Having taken pupils around the "Bunker" on numerous occasions this book offers a further insight to that period of history that has only fairly recently been public. The War Rooms, and indeed the Tunnels of Dover Castle, help visualise the enormous spread of a World War and our 'darkest Hour'. There is also a sentiment of nostalgia and a 'toe dip' into a National pride that today we only see on the big occasion - often sport. The Nostalgia is a by-product of the book knowing my parents lived through this and, as I age, the fact it was only 10 years before I was born.
Richard Holmes is always readable and, as with all his books, a historians friend, bringing an era shape, form and as it is reality.
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9 of 9 people found the following review helpful By R. Moore VINE VOICE on 26 July 2009
Format: Hardcover Verified Purchase
If you are interested in the last war, Winston Churchill and the history of this country and how we remained British and free, then please read this book, and get your children to read it, as they are sadly lacking in the recent history of this once great country of ours,and its great leaders. I lived through it all as a small child, and only now realise just what went on..and how very very lucky we were.
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2 of 2 people found the following review helpful By Neutral VINE VOICE on 8 Aug. 2010
Format: Hardcover
Richard Holmes has written an excellent book about Churchill's secret headquarters in the very heart of London. The bunker was only opened to the public towards the end of the last century and its most notable characteristic was its compact nature. Unlike his arch enemy Hitler, Churchill did not take major strategic decisions away from the capital city but did so fully aware of the danger that flew overhead, not least because he would walk round St James's Park at night when the bombs were falling. On one occasion a fragment from an anti-aircraft shell hit a policemen who was standing close to him.

The Cabinet War Rooms were completed just before the outbreak of war but were not bomb proof. A direct hit could have removed Britain's high command at one fell swoop. The idea of bringing the political and military command together arose from the experience of the Lloyd George War Cabinet in the First World War and the recognition of the likely importance of bombing in the conflict with Germany. The Phoney War (sometimes known as the bore war) provided time to draw up contingency plans in the event of invasion. In London, as in other large cities, children were evacuated but often returned of their own volition. Cabinet government continued under Chamberlain who did not resign until May 1940 when the government's majority in the House of Commons was halved on a debate over the disastrous campaign in Norway. "It is one of the ironies of history that Churchill, who bore considerable responsibility for the Norwegian campaign, should have benefited from profound discontent with its failure."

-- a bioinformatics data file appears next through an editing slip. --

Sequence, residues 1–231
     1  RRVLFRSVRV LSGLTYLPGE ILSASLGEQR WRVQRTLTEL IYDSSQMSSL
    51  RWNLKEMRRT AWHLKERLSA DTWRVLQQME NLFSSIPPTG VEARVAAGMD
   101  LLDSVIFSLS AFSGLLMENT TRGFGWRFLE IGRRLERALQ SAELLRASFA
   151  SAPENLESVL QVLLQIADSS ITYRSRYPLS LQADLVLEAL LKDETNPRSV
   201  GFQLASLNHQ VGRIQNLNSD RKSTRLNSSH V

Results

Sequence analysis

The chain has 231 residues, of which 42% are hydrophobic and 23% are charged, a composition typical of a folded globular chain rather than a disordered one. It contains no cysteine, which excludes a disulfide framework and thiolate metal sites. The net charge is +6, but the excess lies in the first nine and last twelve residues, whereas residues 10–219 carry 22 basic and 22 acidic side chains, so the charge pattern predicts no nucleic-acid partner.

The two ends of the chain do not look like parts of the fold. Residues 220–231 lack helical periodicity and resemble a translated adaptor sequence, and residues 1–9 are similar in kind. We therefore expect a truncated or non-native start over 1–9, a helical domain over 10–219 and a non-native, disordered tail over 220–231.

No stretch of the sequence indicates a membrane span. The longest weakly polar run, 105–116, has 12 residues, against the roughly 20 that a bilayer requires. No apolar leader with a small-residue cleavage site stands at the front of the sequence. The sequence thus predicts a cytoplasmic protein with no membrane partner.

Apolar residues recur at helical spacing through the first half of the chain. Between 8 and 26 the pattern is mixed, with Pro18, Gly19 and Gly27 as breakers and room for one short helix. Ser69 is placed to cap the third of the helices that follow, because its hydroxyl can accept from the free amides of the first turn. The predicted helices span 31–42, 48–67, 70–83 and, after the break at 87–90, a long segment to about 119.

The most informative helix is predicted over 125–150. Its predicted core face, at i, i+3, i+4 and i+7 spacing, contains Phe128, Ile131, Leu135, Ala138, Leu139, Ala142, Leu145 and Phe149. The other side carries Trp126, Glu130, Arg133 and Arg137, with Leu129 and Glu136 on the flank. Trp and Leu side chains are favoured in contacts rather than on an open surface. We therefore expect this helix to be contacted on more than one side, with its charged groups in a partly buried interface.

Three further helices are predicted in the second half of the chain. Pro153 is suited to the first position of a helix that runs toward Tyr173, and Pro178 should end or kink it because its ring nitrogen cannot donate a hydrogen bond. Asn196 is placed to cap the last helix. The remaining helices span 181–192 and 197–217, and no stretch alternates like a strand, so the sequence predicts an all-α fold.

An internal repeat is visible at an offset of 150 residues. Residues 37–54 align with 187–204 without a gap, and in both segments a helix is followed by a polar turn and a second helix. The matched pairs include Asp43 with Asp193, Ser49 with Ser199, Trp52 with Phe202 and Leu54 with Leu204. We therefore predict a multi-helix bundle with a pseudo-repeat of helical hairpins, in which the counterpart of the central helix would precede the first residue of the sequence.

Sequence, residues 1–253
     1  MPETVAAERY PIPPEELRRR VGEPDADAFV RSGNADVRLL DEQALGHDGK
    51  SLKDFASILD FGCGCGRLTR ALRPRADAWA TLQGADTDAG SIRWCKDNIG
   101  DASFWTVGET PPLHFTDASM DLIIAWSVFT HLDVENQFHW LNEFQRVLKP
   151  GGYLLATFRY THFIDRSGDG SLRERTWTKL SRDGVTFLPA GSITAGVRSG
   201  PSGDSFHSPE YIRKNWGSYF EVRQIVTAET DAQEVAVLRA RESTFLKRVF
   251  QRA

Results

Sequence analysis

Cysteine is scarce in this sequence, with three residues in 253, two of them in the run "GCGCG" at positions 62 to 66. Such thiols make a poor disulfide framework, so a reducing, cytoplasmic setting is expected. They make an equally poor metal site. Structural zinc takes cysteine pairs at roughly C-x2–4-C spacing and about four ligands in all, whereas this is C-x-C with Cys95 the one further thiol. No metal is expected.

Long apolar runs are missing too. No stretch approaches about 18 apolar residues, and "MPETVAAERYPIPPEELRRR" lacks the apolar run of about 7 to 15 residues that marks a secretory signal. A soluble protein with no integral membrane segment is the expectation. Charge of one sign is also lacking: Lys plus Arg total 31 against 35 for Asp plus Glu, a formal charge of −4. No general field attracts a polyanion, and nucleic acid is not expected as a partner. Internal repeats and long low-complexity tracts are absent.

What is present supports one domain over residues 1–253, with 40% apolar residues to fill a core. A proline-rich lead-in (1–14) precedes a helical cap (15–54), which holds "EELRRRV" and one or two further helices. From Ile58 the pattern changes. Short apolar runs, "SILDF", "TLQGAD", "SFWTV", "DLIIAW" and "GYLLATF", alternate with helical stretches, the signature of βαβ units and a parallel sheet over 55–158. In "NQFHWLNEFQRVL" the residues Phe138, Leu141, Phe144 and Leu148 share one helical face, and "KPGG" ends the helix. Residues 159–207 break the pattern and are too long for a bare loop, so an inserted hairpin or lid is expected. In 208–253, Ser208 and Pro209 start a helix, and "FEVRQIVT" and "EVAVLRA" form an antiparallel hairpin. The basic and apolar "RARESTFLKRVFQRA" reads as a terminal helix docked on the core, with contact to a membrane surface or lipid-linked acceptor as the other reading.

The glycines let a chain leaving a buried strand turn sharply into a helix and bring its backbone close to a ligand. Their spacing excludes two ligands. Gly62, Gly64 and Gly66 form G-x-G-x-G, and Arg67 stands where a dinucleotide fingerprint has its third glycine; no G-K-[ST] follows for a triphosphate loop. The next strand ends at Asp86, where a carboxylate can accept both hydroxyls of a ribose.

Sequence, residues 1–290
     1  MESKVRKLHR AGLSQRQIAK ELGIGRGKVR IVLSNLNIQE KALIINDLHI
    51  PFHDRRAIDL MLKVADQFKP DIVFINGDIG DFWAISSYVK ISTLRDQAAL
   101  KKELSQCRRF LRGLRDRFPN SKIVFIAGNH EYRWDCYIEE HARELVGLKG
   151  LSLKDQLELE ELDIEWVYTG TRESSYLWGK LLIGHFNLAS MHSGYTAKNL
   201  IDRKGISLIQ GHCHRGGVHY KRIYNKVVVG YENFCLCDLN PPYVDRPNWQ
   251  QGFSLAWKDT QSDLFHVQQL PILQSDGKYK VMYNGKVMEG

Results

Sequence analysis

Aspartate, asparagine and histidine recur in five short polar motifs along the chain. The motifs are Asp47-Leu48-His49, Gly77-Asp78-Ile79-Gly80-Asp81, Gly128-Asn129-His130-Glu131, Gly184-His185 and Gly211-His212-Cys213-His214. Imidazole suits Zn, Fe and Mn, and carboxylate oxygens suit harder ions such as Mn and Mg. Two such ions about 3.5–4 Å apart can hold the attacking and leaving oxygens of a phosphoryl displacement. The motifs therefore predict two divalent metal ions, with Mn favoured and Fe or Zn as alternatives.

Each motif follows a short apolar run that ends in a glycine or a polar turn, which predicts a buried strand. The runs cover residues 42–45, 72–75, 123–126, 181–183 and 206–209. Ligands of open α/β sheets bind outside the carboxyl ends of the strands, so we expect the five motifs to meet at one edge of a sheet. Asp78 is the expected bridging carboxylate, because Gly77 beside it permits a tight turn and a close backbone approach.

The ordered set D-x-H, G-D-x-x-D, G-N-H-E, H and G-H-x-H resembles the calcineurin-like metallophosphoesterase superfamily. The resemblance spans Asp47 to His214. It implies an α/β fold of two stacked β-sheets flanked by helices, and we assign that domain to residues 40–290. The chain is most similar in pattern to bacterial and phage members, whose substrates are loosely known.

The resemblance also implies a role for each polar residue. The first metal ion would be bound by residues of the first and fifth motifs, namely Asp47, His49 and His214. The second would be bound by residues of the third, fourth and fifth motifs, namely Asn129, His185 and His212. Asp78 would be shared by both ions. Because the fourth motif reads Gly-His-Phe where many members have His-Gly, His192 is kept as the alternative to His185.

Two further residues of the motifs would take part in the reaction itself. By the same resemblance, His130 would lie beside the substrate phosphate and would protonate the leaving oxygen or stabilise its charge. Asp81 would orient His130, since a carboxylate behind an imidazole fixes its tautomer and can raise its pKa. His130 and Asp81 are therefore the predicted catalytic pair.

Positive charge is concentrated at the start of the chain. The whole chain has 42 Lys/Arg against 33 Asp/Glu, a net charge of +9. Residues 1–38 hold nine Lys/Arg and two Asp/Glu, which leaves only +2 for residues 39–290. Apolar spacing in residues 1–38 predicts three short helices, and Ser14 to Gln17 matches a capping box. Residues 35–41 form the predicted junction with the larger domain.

The initial history of the Second World War was written by Churchill himself and for all his greatness he had a massive ego.
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1 of 1 people found the following review helpful By mangilli-climpson m on 10 July 2011
Format: Paperback Verified Purchase
Why another book on the Greatest Briton of all time during the Second World War? First, it is Imperial War Museum's attempt to attract visitors to the memorable Cabinet War Rooms (CWR), better known as the "Bunker" or the "Hole", in Whitehall, centred on the Map Room, the site where for almost five years, from September 1940, from the shame of virtual defeat after Dunkirk and the destruction of the Blitz, to the long awaited victory, Winston Churchill and others, took the most important decisions. Secondly, it is penned by the very popular military historian of Cranfield University, and television presenter, the recently (since April 2011) much missed Brig (TA) Richard Holmes, CBE.

Using secondary sources readers will keep up with the latest theories and nuances about the great man over the last twenty years (Best 2001 Churchill: A Study in Greatness, Jenkins 2002Churchill: A Biography, and the Alanbrooke War DiariesAlanbrooke War Diaries 1939-1945: Field Marshall Lord Alanbrooke) since the classic multi-volume work by Martin Gilbert, including the revisionist ideas of Charmley and Self that, despite appeasement, Chamberlain was preparing for War, and Churchill had not entered the Cabinet because he was unable to work well with others, and between 1939-40 he was creating more difficulties and conflict than was good.